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Do Ginseng Supplements Raise Blood Pressure?

If you plan to take ginseng supplements, be sure to learn what benefits you might expect and what possible side effects you might encounter.
Korean Ginseng capsules. Concept for a healthy dietary supplementation. Bright paper background. Close up.

Ever since the mid-1990s, Americans have been exploring the potential benefits of herbal medicines. Many have been experimenting with ginseng, perhaps because it holds an important place in traditional Chinese medicine. In China, as well as elsewhere in east Asia, healers have employed ginseng to treat “collapse of qi,” with symptoms such as weak pulse, shortness of breath, sweating and fatigue (Frontiers of Nutrition, Jan. 17, 2019). Understandably, the idea of an herb that could boost energy is appealing. However, one reader wonders whether ginseng supplements are safe.

How Do Ginseng Supplements Affect Blood Pressure?

Q. I read once that long-term use of ginseng supplements might lead to high blood pressure. That might have happened to me.

I am now on a “mild” blood pressure medicine called valsartan. Hypertension was never a problem for me until after I started taking ginseng.

Ginseng and Blood Pressure Effects Are Complex:

A. The effect of ginseng on blood pressure is controversial. A systematic review analyzed data from nine randomized controlled trials. Some studies actually showed that Korean red ginseng supplements might lower blood pressure (Current Vascular Pharmacology, Issue 6, 2017).  Other research did not support this effect, however. Some data even suggest that ginseng might contribute to hypertension (Acta Cardiologia, Jan. 1, 2018). 

We would encourage caution. If you are under the care of a person who has studied traditional Chinese medicine or herbal medicine, use that person’s guidance to take ginseng supplements wisely. Such an individual will be able to warn you that these herbs may intensify the effects of the anticoagulant clopidogrel (Journal of Thrombosis and Thrombolysis, Oct. 2019). Otherwise, you will need to do some research on your own to determine the whether the potential good you can get will outweigh the possible harm.

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About the Author
Terry Graedon, PhD, is a medical anthropologist and co-host of The People’s Pharmacy radio show, co-author of The People’s Pharmacy syndicated newspaper columns and numerous books, and co-founder of The People’s Pharmacy website. Terry taught in the Duke University School of Nursing and was an adjunct assistant professor in the Department of Anthropology. She is a Fellow of the Society of Applied Anthropology. Terry is one of the country's leading authorities on the science behind folk remedies. .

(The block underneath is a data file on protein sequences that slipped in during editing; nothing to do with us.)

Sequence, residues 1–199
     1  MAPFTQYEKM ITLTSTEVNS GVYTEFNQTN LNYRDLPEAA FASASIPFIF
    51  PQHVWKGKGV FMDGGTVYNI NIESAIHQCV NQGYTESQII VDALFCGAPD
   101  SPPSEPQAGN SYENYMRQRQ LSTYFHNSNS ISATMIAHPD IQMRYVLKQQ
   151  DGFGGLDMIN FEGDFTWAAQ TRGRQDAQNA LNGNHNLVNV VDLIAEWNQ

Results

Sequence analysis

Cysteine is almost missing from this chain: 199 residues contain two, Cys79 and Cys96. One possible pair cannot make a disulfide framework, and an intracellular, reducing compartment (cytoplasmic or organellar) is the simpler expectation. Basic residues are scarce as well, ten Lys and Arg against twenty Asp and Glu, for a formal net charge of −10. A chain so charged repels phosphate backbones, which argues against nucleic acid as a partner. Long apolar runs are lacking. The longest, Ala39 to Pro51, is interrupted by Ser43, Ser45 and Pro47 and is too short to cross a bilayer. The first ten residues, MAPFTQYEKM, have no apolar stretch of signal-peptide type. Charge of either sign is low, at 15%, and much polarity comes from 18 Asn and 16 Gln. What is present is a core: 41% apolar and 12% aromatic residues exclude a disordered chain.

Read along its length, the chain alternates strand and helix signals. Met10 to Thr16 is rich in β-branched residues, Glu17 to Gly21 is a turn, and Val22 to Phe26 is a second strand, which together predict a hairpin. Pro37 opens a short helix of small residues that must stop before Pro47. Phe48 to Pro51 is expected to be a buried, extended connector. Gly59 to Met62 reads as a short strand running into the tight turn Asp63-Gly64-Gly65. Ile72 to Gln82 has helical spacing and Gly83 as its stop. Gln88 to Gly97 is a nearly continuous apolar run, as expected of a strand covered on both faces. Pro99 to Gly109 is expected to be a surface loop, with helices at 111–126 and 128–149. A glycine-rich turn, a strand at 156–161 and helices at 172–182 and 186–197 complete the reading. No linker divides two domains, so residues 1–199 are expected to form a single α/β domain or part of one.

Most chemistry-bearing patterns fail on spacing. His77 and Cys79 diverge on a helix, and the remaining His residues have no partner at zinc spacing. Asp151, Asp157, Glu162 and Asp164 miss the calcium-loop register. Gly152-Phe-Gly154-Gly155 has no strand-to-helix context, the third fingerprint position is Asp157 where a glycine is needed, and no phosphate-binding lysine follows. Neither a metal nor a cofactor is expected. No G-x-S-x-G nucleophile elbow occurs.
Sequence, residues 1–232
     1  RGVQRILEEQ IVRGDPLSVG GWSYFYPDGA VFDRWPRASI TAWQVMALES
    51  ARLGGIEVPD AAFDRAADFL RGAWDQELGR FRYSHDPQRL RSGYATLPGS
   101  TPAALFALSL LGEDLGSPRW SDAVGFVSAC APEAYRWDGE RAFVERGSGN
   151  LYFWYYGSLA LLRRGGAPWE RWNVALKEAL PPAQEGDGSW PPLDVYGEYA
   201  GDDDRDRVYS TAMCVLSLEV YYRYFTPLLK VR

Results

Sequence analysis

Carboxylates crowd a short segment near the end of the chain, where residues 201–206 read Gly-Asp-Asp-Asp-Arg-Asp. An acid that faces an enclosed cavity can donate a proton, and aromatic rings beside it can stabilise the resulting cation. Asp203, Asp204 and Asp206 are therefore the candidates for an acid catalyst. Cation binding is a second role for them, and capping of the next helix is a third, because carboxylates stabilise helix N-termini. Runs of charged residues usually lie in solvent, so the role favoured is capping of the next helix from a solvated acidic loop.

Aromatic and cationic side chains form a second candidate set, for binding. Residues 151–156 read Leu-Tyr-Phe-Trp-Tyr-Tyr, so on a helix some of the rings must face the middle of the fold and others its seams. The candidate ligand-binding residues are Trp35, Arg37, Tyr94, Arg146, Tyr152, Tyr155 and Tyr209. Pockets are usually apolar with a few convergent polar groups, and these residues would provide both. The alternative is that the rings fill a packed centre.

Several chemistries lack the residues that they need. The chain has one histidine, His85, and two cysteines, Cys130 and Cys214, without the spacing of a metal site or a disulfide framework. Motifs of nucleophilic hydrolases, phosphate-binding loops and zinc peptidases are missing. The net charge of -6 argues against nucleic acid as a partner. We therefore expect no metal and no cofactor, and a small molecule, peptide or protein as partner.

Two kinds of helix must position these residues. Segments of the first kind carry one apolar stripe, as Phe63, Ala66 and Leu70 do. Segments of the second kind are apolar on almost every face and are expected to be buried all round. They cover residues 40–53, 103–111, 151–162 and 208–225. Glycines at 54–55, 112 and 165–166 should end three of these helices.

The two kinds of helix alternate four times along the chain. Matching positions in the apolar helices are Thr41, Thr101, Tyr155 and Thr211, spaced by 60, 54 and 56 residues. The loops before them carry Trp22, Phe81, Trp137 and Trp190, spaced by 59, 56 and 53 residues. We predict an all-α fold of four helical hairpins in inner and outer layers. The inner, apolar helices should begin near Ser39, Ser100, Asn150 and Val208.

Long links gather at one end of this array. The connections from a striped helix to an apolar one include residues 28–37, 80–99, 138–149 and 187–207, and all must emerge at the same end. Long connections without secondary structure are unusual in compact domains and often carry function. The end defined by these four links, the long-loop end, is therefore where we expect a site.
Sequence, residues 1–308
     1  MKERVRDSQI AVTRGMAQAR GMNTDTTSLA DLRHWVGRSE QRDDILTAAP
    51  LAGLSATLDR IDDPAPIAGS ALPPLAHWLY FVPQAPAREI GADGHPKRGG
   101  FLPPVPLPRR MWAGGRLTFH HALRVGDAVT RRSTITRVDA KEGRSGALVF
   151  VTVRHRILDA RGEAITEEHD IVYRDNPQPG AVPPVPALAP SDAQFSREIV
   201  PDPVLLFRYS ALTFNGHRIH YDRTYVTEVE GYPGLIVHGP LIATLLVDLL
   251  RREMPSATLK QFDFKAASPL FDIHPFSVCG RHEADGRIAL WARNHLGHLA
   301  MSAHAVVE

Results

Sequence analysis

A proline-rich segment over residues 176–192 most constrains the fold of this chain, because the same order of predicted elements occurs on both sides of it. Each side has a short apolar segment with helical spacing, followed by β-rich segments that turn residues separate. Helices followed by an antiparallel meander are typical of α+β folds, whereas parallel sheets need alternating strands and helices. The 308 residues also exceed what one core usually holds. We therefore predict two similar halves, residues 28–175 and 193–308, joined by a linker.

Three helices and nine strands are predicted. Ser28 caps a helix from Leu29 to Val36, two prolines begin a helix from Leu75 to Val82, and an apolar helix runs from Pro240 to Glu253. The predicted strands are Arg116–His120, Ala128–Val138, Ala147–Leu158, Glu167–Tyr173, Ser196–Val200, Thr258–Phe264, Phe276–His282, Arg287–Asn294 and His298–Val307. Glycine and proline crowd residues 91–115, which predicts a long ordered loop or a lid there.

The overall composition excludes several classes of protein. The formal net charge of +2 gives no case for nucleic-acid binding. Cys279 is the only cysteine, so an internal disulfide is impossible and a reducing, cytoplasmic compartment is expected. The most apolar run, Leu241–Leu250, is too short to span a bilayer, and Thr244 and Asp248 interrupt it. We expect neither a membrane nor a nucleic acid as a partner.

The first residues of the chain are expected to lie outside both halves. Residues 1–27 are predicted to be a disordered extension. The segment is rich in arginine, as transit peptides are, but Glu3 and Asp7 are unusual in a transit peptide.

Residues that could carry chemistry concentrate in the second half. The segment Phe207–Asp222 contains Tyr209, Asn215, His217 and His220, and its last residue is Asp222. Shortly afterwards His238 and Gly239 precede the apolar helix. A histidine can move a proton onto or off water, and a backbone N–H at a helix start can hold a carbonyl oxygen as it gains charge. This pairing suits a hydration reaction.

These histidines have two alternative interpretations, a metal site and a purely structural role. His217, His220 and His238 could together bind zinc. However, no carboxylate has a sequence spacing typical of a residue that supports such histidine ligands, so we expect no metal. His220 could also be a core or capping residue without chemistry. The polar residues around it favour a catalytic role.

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Citations
  • Ogawa-Ochiai K & Kawasaki K, "Panax ginseng for frailty-related disorders: A review." Frontiers of Nutrition, Jan. 17, 2019. DOI: 10.3389/fnut.2018.00140
  • Lee HW et al, "Ginseng for Treating Hypertension: A systematic review and meta-analysis of double blind, randomized, placebo-controlled trials." Current Vascular Pharmacology, Issue 6, 2017. DOI: 10.2174/1570161115666170713092701
  • Diaconu CC et al, "Drug-induced arterial hypertension - a frequently ignored cause of secondary hypertension: a review." Acta Cardiologia, Jan. 1, 2018. DOI: 10.1080/00015385.2017.1421445
  • Hu Y & Wang J, "Interactions between clopidogrel and traditional Chinese medicine." Journal of Thrombosis and Thrombolysis, Oct. 2019. DOI: 10.1007/s11239-019-01945-3
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I have been a practitioner of Chinese medicine since 1980, and I have had long-term high blood pressure. I have had a serious complication, pulmonary embolisms, from sitting in cars, buses and airplanes too long on a trip from Europe to my home in Florida. I spent 3 days in the hospital, which cost $70,000 and was not able to work for a year. That is the backdrop.

My medical doctors prescribed Xarelto, an anti-clotting agent ($850.00 per month) and a common blood pressure medication Amlodipine 5 mg. This was a free medication. The Amlodipine made me dizzy and did not appear to lower my blood pressure, and the Xarelto made it difficult to stop bleeding. I stopped both meds after 12 months. The side effects would scare the most macho of us, and I found that exercise, meditation, and having less stuff to deal with is a tough but worthwhile substitute. I use ginseng in a formula, and one should monitor their blood pressure when using any meds or herbs. I would suggest exercise like yoga and walking and fasting a day or even two days a week as an alternative to trying to find the magic pill.

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